Pierre Outlines New Police Powers Under Suppression Of Escalated Crime Bill – St. Lucia Times

The content originally appeared on: St. Lucia Times News

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On Thursday, Prime Minister and Minister of National Security Philip J. Pierre outlined new police powers under the Suppression of Escalated Crime Police Powers bill, a measure he described as ‘extremely serious’.

He said the measure gives police the power to end the situation in Saint Lucia, where a violent crime surge in Vieux Fort recently resulted in seven people being shot dead in separate incidents.

Under the bill, police officers could question people, block a road, set up a cordon, require the removal of a vehicle or other articles, or access land or a building.

In addition, an officer above the rank of Inspector would have the power to close premises and give directions regarding the control of firearms and explosives.

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However, Pierre explained that before the police exercise any powers under the bill, the Minister of National Security must pass an order, essentially a statutory instrument, to designate a particular area as an escalated crime zone.

He told parliament the instrument would prescribe the order’s boundaries and duration.

“In exercising these powers, the bill protects the police officer from the institution of an action, suit or prosecution or other proceedings once the police officer acts in good faith that is in compliance with the bill,” the Castries East MP told parliament.

Escalated crime constitutes serious acts that disturb the peace and threaten life and property.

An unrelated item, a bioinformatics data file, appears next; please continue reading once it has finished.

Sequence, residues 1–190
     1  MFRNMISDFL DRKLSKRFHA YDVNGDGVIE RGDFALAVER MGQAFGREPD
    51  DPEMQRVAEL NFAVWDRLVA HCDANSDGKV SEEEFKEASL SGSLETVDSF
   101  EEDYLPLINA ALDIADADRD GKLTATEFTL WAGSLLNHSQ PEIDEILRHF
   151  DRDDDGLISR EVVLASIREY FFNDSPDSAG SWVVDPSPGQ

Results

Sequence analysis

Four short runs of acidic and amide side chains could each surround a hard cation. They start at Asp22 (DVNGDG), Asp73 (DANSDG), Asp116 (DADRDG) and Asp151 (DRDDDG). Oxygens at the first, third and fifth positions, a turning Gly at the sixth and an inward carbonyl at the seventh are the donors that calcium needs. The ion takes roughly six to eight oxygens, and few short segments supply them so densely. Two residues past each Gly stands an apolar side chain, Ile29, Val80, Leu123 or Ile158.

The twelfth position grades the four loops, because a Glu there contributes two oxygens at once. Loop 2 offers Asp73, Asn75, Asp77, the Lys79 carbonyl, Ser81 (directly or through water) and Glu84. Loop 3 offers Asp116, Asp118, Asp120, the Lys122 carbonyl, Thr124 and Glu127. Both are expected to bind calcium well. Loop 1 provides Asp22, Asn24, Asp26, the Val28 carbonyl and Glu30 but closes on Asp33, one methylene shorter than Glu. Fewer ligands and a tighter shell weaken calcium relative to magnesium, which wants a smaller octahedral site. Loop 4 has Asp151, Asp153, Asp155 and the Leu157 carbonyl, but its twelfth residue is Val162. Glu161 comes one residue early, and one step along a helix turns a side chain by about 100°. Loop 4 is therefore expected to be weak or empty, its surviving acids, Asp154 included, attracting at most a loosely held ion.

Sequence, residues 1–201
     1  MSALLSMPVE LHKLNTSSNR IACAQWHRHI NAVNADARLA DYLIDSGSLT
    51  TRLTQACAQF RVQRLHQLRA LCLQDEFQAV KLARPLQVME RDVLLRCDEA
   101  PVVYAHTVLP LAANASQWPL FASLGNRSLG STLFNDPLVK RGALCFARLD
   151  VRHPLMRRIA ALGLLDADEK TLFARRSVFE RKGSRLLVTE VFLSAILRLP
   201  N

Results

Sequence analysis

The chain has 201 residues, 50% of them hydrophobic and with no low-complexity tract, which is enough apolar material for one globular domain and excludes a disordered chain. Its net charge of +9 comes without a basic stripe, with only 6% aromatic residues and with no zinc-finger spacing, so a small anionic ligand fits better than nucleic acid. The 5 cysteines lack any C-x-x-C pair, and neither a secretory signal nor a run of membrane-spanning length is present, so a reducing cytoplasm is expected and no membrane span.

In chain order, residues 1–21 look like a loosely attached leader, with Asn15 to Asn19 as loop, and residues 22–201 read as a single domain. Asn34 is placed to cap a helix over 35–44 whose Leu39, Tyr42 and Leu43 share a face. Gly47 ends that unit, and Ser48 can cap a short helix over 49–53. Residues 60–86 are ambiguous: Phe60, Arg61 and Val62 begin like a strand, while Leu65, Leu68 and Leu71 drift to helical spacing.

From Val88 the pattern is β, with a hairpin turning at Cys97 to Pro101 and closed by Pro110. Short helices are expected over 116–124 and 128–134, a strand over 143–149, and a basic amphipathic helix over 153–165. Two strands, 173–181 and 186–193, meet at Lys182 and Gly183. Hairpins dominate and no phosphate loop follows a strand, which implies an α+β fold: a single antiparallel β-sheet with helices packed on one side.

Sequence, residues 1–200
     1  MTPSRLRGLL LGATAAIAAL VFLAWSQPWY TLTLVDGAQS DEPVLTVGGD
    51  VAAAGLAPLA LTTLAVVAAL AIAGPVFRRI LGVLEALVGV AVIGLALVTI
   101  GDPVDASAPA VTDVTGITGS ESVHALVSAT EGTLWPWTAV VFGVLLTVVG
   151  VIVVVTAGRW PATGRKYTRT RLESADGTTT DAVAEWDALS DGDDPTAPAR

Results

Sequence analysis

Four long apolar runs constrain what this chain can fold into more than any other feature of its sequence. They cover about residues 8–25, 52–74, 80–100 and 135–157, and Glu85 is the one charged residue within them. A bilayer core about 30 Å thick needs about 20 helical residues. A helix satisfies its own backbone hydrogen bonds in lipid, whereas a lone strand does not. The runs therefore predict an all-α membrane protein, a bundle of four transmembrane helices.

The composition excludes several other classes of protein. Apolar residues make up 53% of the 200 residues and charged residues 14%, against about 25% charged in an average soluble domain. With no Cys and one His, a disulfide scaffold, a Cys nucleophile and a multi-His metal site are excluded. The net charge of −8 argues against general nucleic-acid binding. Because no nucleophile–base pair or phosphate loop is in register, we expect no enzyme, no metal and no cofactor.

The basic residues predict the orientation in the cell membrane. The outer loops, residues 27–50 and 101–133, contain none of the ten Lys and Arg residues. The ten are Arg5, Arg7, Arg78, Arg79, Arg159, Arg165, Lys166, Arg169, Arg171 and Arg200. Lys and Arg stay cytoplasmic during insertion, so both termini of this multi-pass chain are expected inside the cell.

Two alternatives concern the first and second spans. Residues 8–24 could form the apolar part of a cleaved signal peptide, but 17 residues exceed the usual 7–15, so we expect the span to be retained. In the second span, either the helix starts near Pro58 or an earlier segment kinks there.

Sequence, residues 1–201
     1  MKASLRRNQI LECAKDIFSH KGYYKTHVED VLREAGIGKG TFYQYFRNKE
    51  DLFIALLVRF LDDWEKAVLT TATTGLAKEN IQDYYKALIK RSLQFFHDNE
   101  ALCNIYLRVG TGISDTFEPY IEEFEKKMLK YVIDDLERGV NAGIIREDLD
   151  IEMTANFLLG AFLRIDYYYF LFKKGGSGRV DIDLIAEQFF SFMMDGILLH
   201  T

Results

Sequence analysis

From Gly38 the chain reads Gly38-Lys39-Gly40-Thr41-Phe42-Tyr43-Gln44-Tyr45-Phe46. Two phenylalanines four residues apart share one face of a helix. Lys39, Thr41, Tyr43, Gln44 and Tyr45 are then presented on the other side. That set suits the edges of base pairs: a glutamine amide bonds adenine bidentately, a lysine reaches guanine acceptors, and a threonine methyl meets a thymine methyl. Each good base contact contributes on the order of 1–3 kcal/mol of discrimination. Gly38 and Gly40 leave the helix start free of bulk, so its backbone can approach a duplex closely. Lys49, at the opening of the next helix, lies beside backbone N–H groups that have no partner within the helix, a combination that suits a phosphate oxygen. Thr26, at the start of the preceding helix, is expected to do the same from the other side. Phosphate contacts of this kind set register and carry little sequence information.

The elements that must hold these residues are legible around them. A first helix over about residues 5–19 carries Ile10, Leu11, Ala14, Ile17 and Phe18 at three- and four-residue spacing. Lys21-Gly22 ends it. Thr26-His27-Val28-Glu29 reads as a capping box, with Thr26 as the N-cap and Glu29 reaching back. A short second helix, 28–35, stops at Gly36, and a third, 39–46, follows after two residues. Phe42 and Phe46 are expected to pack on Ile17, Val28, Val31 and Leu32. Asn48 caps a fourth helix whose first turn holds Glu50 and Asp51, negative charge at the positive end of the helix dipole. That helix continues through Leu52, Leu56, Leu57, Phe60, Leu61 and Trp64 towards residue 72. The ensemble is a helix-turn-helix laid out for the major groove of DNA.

They include offences against the Anti-gang act, the Drugs Prevention of Misuse Act, the Firearms Act, and offences against persons as outlined in the Saint Lucia Criminal Code.

In this regard, the bill prohibits people from doing anything to interfere with using a road or path or assaulting a police officer while executing his duties.

And the Minister of National Security can arrange for an outside security force to assist the local police in implementing the bill.

“If an offence is committed under the bill, the penalty as provided in the bill is on summary conviction a fine of $50,000 or imprisonment for fifteen years or both, or on conviction or indictment for 25 years imprisonment,” Prime Minister Pierre disclosed.

Earlier, the two opposition MPs in the House, Micoud South’s Allen Chastanet and Choiseul’s Bradley Felix, voted against suspending Standing Order 48:2 to allow Pierre to proceed with the remaining stages of the bill at Thursday’s special sitting of the House.

Ten members on the government side who were present voted in favour.

“Let it be put on the record that when the government of Saint Lucia is trying to put in place legislation to avoid, or to help the police, to empower the police to stop the escalation of crime, the opposition voted against it,” Pierre declared.

“The opposition, led by the member for Micoud South, supported by the member for Choiseul came to this honourable House and voted against the police,” the Prime Minister asserted.

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